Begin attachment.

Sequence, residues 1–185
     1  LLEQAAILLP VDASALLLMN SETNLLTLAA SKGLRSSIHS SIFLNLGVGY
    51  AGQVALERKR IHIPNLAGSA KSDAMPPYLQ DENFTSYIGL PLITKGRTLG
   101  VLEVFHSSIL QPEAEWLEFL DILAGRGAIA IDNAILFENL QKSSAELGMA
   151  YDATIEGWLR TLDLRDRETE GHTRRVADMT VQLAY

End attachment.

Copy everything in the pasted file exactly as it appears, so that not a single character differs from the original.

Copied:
Sequence, residues 1–185
     1  LLEQAAILLP VDASALLLMN SETNLLTLAA SKGLRSSIHS SIFLNLGVGY
    51  AGQVALERKR IHIPNLAGSA KSDAMPPYLQ DENFTSYIGL PLITKGRTLG
   101  VLEVFHSSIL QPEAEWLEFL DILAGRGAIA IDNAILFENL QKSSAELGMA
   151  YDATIEGWLR TLDLRDRETE GHTRRVADMT VQLAY